A small solar farm and battery energy storage facility in the Cuyama Valley has received Santa Barbara County Planning Commission approval for the second time.
The project, the SEPV Cuyama Utility Scale Solar Photovoltaic and Battery Energy Storage Facility, generated unanimous approval — and a longer deadline, just in case — from the planning panel last week.
In 2018, the same project received approval, but an expiration date sent it back to the county for a second time.
“It was a good project then, it looks like a good project now,” commission chairman Larry Ferini said Wednesday.
“What we did gain in today’s hearing is a little more education on the project and how it works. I think batteries are needed to make this whole thing work so I’m excited to see how this one goes.”
First District commissioner Mike Cooney agreed.
“I am also excited about the prospect of moving farther into the technological advances of solar power,” he said. “I can see the importance of the battery power as a link from the solar array to the grid, and I think there’s no place better for this than the Cuyama Valley.”
The site is 20 acres, just under two miles south of Highway 166, and near an existing and unrelated 327-acre solar facility. County regulations allow up to 600 acres of solar farms in the area.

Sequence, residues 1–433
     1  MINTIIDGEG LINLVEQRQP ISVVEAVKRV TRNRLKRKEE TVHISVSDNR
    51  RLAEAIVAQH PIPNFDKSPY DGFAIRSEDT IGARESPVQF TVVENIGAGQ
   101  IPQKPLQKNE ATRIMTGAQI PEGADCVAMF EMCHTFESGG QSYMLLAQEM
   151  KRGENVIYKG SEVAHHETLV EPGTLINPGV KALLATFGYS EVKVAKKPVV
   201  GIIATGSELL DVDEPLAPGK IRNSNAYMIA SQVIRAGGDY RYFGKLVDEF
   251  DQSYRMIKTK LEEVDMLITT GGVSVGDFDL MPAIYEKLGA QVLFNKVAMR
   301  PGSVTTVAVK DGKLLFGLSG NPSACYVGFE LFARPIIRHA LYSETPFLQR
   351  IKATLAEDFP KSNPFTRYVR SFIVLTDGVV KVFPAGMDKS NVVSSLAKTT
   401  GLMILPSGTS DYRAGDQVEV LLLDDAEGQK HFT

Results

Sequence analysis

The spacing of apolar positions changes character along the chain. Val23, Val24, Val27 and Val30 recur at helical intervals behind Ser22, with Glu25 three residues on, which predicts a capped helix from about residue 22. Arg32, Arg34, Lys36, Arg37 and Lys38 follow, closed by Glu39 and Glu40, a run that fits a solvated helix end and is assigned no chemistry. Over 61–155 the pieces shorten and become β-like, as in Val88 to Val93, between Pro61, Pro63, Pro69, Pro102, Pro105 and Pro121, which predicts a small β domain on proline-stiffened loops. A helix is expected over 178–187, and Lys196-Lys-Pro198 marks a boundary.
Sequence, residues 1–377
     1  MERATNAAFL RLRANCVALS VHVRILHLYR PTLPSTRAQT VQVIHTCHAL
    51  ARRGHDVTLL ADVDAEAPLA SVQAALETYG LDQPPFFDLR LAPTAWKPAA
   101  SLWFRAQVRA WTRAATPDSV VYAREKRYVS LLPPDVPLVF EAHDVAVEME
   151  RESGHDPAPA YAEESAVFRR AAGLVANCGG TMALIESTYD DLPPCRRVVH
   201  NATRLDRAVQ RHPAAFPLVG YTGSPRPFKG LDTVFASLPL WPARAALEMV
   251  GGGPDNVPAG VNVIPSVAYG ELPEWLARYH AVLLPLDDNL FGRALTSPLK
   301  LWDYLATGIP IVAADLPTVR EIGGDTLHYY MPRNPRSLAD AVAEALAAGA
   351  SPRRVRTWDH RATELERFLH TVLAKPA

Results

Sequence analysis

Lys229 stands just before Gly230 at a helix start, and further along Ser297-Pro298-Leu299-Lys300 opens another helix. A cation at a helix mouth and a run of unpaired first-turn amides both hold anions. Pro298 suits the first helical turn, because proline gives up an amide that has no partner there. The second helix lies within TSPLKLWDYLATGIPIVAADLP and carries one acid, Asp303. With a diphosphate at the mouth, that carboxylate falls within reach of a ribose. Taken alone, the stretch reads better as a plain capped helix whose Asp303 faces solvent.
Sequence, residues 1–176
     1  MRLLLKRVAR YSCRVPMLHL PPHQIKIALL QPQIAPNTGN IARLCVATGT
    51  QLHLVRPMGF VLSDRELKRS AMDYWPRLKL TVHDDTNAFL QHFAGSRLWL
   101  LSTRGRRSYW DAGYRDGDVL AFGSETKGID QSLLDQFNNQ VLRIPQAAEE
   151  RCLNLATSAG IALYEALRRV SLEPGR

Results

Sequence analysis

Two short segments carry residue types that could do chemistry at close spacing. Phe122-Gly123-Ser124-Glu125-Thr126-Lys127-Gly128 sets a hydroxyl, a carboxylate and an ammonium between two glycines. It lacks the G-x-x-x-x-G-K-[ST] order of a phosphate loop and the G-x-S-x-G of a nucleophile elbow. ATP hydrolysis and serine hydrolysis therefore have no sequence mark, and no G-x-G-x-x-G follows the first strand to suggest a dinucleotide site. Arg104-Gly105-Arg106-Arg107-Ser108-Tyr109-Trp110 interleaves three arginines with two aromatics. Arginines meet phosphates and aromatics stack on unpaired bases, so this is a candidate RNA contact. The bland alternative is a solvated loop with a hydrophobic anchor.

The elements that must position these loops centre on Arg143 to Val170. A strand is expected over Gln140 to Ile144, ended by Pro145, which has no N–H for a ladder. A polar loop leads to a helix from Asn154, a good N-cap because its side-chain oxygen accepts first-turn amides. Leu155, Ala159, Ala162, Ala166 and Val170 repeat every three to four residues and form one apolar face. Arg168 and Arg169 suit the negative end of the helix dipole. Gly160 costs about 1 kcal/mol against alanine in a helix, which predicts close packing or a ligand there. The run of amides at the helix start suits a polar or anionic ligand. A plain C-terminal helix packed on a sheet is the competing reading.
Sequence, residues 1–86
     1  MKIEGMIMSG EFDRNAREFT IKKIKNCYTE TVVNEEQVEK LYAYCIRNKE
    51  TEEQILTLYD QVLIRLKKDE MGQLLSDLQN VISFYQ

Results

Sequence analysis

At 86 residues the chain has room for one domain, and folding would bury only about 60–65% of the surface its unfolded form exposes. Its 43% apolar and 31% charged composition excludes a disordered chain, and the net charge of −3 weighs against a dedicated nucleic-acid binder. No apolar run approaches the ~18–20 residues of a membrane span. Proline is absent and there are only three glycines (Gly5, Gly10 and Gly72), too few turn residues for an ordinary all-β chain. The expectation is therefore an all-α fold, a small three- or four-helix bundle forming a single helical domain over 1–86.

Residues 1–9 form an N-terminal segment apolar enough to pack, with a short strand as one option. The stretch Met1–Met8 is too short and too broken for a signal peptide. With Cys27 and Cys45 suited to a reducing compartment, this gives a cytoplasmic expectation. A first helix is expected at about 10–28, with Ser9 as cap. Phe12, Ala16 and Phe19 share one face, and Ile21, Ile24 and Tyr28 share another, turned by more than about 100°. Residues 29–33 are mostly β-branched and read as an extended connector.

The project would generate up to 3 mw of electricity for customers of Pacific Gas & Electric Co., whic provides electricity and natural gas service to much of the North County.
According to project details, panels, about 9 feet off the ground at the highest point, would rotate to follow the sun’s path during the day.
The facility would store energy in batteries during peak period of production to be released when needed.
Lithium ion battery cells would be stacked and housed in containers approximately 9½ feet tall and 40 feet long at the center of the site.
A representative said the project had not changed from the one initially approved by the commission but not installed due to a number of factors.
Energy storage projects like this help since solar panels provide intermittent energy, depending on cloud cover or darkness.
“You’ll see a lot of these power plants going online in California and elsewhere,” said Andrew Wang, vice president of development for B2U Storage Solutions.
He said that the batteries typically would be charged during the daylight and discharged at night.
At the urging of Fifth District commissioner Dan Blough, the panel agreed to grant the applicant 24 months before the permit’s expiration, instead of 18 months.
“My experience over the last two years is it’s become more and more difficult to get most projects done in a timely manner,” Ferini said. “The supply chain is a real real issue right now.”
— Noozhawk North County editor Janene Scully can be reached at firstname.lastname@example.org. Follow Noozhawk on Twitter: @noozhawk, @NoozhawkNews and @NoozhawkBiz. Connect with Noozhawk on Facebook.